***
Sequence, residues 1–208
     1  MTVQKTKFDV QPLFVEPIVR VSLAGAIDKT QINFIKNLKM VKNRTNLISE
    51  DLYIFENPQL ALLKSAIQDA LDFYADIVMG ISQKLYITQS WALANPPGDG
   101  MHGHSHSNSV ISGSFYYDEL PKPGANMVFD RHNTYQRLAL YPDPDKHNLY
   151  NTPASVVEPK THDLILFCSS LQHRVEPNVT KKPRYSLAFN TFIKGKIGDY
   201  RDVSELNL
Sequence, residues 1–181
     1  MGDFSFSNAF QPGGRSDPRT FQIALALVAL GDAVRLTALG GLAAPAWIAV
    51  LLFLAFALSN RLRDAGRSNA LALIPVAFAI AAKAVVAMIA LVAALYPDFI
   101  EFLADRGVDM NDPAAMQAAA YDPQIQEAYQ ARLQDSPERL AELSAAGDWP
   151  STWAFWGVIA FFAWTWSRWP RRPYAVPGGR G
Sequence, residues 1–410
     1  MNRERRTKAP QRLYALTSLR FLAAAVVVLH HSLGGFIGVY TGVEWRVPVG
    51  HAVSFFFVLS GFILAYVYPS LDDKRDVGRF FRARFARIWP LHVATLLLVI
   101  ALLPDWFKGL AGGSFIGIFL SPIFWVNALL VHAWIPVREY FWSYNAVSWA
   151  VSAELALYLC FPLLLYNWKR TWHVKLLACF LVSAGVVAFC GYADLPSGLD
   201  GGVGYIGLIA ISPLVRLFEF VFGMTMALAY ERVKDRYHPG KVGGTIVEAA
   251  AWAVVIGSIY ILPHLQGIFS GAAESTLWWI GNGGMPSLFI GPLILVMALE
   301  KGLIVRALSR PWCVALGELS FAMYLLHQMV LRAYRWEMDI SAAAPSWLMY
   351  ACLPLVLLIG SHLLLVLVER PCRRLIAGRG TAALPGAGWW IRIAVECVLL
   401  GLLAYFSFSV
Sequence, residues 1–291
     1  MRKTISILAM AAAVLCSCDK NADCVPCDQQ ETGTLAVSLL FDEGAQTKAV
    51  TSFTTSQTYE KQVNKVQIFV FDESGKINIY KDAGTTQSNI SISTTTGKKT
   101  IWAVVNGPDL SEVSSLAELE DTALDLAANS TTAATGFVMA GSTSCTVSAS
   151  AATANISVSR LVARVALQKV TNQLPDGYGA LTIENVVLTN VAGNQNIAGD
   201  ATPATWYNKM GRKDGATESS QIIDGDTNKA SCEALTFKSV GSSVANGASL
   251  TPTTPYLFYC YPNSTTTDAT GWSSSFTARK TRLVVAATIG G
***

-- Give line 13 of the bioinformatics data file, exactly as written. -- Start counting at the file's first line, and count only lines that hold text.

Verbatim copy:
     1  MNRERRTKAP QRLYALTSLR FLAAAVVVLH HSLGGFIGVY TGVEWRVPVG